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Stanford Achievement Test

CALIFORNIA | LOCAL
August 20, 2000
With the prospect of rewards and punishments looming, California schools dug in last spring to boost results on the Stanford 9 basic skills test. Here are the schools posting the biggest gains since statewide testing began in 1998. The first column lists the percentage of students at each school who scored at or above the 50th percentile (the national average) in 2000. The final column shows the percentage point increase over two years in the number of students attaining that benchmark.
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NEWS
August 15, 2000 | MARTHA GROVES, TIMES EDUCATION WRITER
California students who are not proficient in English improved their scores on the Stanford 9 standardized test at about the same rate as their fluent classmates, but new state data released Monday continue to show an immense disparity between the two groups. Broken out by fluency, the test results highlight the stark reality that there are two distinct levels of learning and achievement in the state.
NEWS
July 31, 2000 | MARTHA GROVES, TIMES EDUCATION WRITER
With California's youngest students showing progress, state officials and education experts say the state's middle schools, which have stagnated, need to be the next focus of school reform. The need for change is evident in this year's Stanford 9 scores. Results for primary school students showed significant gains, whereas scores in the middle grades only inched up.
CALIFORNIA | LOCAL
July 19, 2000 | LOUIS SAHAGUN, TIMES EDUCATION WRITER
Berta Cochario isn't panicking yet. But the principal of Betty Plasencia Elementary School knows the pressure will soon be on to explain the lackluster performance of her campus on the Stanford 9 tests. The severely crowded school just north of downtown is struggling to improve its overall score, which crept up 1.7 percentage points on scores released Monday but is still down 2.4 percentage points from 1998, the first year of statewide testing.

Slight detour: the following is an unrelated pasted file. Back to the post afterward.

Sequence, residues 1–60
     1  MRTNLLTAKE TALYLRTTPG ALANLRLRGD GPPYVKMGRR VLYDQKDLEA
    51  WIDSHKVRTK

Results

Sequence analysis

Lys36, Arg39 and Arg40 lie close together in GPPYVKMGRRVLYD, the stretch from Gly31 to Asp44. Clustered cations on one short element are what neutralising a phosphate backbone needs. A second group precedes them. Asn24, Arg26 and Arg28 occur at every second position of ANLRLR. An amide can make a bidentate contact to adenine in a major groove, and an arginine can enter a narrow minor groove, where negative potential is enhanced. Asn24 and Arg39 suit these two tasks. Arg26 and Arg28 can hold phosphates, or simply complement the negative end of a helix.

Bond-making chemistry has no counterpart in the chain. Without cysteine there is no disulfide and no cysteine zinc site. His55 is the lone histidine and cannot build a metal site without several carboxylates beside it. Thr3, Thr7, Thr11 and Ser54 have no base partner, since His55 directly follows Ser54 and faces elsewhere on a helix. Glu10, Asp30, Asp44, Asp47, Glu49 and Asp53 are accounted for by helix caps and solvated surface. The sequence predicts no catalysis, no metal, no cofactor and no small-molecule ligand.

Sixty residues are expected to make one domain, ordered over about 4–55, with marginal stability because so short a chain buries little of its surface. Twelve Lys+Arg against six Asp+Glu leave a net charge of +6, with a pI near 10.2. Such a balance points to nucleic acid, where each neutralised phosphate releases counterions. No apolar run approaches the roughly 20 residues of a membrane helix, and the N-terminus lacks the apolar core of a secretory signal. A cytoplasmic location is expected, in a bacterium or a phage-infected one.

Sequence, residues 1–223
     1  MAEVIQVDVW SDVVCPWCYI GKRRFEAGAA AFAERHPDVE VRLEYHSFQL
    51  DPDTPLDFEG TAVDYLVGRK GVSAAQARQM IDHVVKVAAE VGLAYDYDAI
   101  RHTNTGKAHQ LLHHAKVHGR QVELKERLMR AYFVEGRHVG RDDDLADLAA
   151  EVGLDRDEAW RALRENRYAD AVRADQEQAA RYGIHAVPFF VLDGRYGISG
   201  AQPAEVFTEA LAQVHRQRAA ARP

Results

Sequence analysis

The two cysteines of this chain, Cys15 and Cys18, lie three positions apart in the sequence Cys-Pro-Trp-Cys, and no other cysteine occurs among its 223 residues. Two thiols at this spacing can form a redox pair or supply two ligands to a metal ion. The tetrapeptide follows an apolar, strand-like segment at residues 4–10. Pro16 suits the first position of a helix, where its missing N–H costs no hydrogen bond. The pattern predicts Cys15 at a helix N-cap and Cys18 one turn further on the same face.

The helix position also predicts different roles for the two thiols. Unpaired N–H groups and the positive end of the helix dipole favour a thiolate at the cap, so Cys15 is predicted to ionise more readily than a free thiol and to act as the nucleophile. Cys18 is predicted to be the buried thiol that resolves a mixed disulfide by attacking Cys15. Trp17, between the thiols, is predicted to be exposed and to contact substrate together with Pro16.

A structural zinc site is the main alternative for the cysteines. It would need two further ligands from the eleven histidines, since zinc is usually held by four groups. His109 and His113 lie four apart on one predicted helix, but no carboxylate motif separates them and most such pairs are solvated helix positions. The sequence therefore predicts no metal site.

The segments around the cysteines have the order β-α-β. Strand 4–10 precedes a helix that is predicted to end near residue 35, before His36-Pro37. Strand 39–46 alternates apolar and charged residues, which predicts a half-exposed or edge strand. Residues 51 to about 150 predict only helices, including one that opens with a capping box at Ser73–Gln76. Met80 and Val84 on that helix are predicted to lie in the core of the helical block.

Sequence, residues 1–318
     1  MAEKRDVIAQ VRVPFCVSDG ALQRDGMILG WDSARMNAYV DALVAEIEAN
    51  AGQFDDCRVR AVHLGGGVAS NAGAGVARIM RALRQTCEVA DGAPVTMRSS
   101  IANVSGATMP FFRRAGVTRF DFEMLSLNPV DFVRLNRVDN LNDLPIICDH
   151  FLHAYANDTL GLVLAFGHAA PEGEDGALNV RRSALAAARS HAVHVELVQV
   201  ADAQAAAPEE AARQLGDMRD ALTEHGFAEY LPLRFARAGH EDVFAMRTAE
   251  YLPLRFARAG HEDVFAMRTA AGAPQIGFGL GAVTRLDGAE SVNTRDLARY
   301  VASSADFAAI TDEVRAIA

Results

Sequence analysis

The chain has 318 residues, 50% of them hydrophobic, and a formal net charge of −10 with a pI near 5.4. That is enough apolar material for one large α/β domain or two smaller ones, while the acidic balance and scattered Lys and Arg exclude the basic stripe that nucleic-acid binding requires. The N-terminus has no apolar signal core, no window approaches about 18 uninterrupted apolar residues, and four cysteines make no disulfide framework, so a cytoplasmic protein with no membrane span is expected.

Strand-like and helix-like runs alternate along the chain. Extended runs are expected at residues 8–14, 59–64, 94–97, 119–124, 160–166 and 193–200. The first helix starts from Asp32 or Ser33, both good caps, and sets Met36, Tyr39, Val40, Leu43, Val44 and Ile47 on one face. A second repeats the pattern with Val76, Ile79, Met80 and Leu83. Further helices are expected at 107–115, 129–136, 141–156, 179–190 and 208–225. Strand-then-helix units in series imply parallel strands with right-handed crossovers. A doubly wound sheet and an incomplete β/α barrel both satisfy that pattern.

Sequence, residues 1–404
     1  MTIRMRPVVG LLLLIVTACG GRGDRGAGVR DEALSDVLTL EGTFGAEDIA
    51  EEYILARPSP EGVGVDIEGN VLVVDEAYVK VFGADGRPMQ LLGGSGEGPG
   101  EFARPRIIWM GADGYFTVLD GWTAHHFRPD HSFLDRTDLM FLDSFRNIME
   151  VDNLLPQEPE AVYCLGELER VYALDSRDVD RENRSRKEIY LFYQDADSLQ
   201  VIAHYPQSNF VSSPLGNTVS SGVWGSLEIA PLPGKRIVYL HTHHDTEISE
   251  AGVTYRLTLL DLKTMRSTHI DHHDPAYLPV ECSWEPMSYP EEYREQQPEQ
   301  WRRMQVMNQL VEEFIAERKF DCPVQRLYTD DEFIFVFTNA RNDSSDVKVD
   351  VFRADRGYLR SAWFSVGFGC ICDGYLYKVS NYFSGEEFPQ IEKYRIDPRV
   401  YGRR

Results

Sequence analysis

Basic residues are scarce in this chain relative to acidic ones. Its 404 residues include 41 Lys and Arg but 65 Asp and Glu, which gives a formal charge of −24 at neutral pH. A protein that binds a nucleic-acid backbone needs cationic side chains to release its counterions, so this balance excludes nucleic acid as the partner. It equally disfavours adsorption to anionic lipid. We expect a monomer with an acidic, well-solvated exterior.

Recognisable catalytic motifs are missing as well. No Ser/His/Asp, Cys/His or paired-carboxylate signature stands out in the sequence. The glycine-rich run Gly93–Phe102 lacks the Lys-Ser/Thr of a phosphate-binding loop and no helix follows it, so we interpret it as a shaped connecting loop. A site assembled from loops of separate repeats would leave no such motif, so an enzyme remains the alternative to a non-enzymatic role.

CALIFORNIA | LOCAL
July 19, 2000
Test results published in The Times on Tuesday failed to include charter schools. The chart below provides scores for those schools as measured by the percentage of students at or above the 50th percentile, which is the national average. The change in scores is the percentage of students who moved up or down in the rankings since 1998. The last two columns show the average percentage of language arts questions answered correctly and the change from 1999's average percentage.
NEWS
July 18, 2000 | MARTHA GROVES, TIMES EDUCATION WRITER
California public school students improved their performance on the third annual Stanford 9 exam, with second- and third-graders racking up the most impressive gains, the state Education Department reported Monday. A majority of students statewide achieved the national average in two key subject areas: language skills and math, where students posted the biggest gains and best scores overall.
NEWS
July 18, 2000
This year The Times is publishing school results for the statewide Stanford 9 tests as the percentages of students at or above the 50th percentile ranks, which are the national averages for specific test subjects and grades. Previously, The Times published schools' mean percentile ranks, which are schools' rankings in comparison with those of other schools nationwide. The California Department of Education provides three other measures to choose from as well.
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